THE ESSENTIAL LEADER AND THE RISE OF ASIA
Daniel Augusto Motta
Increasingly intense schedules, short time frames and information abundance have favored superficial knowledge in the form of learning pills on myriad subjects. This certainly does not promote a more holistic view and deeper knowledge of the major competitive environment factors impacting performance and, in some cases, the very survival of the organization.
Paperbacks and Wikipedia can be excellent tools to talk about a million things for hours, but they hardly help with deeper knowledge about any particular subject, even for just a few minutes. We look for practical knowledge that can be summarized and immediately applied. We want wisdom pills, but without developing abstraction abilities and integration to literature, music, sociology, philosophy, anthropology and psychology. There are no shortcuts… Competitive environment analysis starts inevitably with the evaluation of macroeconomic environment trends. More than on short-term economic indicators (interest rate charts, foreign exchange rates, inflation, economic activity, unemployment rate, nominal deficit,) the Essential Leader must be focused on long-term vectors which, for their part, affect those same short-term indicators. Nowadays, these forces include the Eastern economic resurgence, urban decentralization of wealth, integrated risks and full globalization.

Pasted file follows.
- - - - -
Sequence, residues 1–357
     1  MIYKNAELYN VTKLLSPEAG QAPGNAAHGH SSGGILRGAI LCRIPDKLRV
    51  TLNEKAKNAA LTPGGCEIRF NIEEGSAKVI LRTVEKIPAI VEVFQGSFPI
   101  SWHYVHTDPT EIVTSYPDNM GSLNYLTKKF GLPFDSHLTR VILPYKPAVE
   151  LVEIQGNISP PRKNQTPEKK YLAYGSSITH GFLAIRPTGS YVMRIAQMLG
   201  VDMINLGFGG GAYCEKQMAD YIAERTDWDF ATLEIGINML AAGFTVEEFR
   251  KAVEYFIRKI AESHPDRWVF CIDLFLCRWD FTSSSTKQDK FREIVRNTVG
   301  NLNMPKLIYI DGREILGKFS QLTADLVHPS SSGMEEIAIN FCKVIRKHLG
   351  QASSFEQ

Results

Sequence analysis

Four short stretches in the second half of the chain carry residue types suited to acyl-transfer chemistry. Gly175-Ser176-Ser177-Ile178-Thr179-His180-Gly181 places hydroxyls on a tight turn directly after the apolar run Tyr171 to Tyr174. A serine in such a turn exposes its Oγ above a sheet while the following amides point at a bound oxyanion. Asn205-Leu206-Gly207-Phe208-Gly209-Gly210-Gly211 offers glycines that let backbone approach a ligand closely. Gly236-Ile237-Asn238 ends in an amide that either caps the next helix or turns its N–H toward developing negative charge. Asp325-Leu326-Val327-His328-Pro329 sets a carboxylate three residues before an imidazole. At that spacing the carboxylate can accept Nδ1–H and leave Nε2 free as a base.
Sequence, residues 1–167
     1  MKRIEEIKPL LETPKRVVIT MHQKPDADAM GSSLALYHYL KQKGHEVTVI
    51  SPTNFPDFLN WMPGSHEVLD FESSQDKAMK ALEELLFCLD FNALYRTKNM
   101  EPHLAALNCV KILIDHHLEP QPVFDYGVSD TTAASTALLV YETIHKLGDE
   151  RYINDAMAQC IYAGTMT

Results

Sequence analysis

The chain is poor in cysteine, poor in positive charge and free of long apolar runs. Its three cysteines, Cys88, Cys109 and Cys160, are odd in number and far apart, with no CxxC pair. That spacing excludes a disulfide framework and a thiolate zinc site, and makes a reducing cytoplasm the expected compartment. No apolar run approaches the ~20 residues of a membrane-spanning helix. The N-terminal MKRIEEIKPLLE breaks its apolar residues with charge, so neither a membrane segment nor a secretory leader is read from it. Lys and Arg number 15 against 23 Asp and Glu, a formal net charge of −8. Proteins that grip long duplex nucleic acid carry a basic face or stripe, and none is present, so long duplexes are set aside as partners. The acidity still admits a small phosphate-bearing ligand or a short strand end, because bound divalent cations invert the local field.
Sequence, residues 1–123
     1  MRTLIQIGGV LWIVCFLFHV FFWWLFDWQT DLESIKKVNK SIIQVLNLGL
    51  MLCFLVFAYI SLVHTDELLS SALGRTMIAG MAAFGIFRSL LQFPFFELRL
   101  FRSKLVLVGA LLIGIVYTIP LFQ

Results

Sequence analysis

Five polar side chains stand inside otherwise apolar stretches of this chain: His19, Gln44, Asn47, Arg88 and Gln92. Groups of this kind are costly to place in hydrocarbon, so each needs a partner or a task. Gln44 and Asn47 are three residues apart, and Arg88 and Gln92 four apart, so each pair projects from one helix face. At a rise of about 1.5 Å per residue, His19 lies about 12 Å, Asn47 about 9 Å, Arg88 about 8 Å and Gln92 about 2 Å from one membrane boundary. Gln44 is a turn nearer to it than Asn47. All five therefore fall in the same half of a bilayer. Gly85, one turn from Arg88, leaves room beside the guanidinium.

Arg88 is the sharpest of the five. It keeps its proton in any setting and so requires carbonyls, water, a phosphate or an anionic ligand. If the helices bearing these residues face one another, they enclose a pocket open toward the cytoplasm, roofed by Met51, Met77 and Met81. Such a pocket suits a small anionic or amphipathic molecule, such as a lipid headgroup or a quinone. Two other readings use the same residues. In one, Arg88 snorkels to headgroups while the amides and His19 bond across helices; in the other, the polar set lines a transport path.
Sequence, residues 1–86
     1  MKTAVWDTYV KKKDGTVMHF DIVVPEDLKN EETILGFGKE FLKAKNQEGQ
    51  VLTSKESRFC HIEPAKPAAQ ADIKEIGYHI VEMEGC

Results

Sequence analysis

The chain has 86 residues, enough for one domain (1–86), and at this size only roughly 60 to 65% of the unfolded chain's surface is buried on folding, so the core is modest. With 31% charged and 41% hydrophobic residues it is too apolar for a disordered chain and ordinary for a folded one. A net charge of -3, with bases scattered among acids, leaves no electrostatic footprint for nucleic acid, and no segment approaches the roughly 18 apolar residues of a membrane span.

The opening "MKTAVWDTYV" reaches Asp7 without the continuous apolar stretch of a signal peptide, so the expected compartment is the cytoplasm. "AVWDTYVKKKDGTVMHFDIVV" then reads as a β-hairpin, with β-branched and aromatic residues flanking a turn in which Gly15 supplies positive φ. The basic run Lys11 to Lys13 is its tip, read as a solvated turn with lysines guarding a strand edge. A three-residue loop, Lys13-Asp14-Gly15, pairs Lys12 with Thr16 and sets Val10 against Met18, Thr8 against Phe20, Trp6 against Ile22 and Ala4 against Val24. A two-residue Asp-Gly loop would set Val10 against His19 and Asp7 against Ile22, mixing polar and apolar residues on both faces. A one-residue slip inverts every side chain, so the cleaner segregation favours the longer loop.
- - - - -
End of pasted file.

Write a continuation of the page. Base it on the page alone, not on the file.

Western minds have a hard time understanding Eastern peculiarities. We grow up believing in the supremacy of Western Empires, with their mythological leaders, from the Macedonian Empire to the British Empire, and the North American Empire in the 20th Century. As kids, we are taught about Feudalism, Absolutism, Renaissance and Enlightenment in much more detail than what is used to explain the rise and fall of the Holy Roman Empire, as well as the Persian, Turkish, Ottoman, German and Austro-Hungarian empires. We idealize revolutions like the Protestant Reformation, the Glorious Revolution and the French Revolution, as well as wars such as the Hundred Years’ War, Napoleonic Wars, WW I and WW II.This content is for members only. If you have a membership, please log in. If not, you can definitely get access! Our membership plans.
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